Summer starts Monday, and if they haven't already, New Yorkers are taking out their air conditioners. The same is true at the World Trade Center site, only their's is powerful enough to beat the heat in 700 homes. NY1's Josh Robin filed the following report.
One of the world's largest air conditioners is being delicately installed at the World Trade Center site. Part will be turned on before next year's 10th anniversary of the September 11th attacks, the rest by 2013.
Visitors to the museum and other public spaces under the memorial plaza will be served by the 15-piece unit which will soon be completely out of sight.
But the path to summertime relief actually starts a few blocks west, where the Hudson River is sucked into a pump house and filtered of any wildlife. Water then crosses the West Side Highway in pipes five-foot in diameter, four stories below the street.
"We are literally at the ground floor of below grade, and what you're seeing here is the 42-inch river water pipe coming off the big 66-inch pipe, it comes down into this large piping system, which is below where the huge five chillers are gonna be. Each one of those chillers will have two large pipes bringing the river water into the system," said Port Authority Executive Director Christopher Ward.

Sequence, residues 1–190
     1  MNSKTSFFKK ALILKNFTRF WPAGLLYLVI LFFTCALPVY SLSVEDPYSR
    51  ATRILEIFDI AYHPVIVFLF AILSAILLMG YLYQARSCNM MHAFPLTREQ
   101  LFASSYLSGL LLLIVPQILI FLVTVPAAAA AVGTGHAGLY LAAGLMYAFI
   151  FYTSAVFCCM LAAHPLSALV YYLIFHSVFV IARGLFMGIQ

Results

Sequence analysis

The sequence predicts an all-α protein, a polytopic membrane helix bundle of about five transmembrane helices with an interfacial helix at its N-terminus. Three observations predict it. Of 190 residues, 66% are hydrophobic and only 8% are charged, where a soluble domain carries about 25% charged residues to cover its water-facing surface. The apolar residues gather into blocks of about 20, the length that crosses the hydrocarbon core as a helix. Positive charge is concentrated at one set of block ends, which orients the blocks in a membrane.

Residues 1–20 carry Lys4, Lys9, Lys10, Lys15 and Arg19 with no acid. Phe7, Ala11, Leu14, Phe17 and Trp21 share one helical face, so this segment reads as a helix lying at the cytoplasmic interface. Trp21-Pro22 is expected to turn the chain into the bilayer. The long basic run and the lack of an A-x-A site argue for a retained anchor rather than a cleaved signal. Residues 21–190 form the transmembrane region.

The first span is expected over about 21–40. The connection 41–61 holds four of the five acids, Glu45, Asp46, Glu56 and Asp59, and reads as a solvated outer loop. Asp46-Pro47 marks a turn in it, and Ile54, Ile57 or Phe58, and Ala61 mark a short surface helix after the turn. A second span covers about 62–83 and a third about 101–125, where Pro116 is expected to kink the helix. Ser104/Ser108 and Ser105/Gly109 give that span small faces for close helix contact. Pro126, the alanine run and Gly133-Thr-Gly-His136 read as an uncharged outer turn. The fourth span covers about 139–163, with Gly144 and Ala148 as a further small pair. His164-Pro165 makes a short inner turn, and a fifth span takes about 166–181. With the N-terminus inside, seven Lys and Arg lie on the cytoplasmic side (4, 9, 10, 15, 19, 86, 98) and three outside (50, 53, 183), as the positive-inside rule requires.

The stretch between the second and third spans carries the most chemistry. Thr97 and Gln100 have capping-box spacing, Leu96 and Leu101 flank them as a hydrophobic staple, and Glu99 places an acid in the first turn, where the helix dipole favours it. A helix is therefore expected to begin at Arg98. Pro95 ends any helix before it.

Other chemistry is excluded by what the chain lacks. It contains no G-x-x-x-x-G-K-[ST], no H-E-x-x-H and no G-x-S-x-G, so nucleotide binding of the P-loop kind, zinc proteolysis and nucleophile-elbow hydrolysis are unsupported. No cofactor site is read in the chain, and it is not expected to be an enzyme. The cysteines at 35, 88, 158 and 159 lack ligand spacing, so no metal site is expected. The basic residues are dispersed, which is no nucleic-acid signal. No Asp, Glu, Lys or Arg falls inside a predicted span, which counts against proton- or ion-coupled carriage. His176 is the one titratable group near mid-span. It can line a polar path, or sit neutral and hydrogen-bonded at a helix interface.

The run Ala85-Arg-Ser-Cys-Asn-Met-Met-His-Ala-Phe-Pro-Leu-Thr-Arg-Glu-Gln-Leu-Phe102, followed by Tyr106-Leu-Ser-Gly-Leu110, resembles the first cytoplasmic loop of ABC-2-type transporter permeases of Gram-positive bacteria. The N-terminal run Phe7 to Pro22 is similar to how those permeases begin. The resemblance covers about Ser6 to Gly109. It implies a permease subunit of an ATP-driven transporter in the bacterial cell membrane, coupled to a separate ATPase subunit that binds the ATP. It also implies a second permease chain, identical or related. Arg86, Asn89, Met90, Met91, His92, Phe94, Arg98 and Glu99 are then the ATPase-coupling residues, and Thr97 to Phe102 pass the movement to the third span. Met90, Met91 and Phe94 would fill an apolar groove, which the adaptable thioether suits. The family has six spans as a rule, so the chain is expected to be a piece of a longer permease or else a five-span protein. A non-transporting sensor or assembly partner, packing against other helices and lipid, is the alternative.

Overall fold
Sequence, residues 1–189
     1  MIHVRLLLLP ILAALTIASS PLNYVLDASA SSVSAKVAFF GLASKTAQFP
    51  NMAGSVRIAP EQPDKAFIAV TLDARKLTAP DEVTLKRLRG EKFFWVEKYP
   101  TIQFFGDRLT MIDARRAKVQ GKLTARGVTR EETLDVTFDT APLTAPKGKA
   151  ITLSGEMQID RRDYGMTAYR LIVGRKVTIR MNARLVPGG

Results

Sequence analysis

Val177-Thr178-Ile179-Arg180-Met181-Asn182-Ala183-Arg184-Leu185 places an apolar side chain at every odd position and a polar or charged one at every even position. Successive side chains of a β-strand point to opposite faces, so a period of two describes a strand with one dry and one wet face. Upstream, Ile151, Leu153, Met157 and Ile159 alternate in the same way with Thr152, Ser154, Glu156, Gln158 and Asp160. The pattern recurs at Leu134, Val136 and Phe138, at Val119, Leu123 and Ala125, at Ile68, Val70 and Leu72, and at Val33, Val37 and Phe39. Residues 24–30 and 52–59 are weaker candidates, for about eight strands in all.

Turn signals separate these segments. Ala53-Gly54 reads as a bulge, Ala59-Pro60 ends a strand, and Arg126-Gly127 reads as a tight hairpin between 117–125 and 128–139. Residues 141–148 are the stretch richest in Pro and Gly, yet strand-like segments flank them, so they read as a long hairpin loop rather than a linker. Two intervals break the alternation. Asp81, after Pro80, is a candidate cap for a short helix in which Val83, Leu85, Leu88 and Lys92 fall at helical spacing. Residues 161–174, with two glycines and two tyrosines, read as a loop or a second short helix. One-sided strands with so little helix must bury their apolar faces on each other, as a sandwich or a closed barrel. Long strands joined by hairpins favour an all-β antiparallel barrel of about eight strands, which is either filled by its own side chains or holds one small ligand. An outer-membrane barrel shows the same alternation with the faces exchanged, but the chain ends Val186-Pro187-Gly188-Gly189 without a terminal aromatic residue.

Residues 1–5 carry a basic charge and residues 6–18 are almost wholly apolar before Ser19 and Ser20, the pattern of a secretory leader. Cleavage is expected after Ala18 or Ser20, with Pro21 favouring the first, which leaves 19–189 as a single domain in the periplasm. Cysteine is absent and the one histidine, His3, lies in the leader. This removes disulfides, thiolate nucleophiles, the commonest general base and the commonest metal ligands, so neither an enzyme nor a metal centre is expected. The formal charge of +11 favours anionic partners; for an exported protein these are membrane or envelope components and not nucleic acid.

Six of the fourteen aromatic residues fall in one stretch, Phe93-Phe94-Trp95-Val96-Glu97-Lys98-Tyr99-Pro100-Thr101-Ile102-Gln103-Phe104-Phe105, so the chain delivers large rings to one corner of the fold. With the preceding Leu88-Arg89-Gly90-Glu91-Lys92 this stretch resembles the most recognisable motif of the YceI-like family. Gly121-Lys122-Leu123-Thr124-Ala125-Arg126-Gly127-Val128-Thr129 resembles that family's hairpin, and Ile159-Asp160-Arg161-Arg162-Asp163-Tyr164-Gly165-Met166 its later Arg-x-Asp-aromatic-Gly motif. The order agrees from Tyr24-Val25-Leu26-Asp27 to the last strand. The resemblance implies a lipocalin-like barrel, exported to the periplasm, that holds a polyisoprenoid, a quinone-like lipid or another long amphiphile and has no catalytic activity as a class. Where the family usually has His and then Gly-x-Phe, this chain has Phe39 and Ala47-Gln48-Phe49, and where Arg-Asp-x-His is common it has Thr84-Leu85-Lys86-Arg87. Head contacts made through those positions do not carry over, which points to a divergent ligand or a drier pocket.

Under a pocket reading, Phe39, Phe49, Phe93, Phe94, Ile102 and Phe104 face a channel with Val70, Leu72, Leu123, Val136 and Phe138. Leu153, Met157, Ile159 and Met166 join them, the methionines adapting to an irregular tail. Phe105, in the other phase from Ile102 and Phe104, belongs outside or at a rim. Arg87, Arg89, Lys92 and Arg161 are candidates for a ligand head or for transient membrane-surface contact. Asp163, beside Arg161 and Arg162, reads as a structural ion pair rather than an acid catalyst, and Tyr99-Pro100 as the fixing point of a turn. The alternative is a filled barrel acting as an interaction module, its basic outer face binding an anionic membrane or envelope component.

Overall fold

When all is said and done, 30,000 gallons of river water will rush through the pipes every minute. That's enough to fill 15 bathtubs a second or one Olympic sized swimming pool every 20 minutes.
The river system saves space and energy. A conventional system would require tap water which would then be cooled in a tower, emitting plumes of hot, humid air.
However, the new project isn't entirely environmentally neutral. The water used is actually returned hotter than when first captured -- at most 91 degrees -- or 17 degrees more than when it entered.
Still, the group Riverkeeper has given the project a green light, saying it extracted concessions.
In any case, improved technology and reduced demand has left the whole system slated to use but a quarter of the water flow than the system it's replacing. The old model, which served the whole World Trade Center site, clocked in at 59,000 tons, the new one a mere 12,500 tons.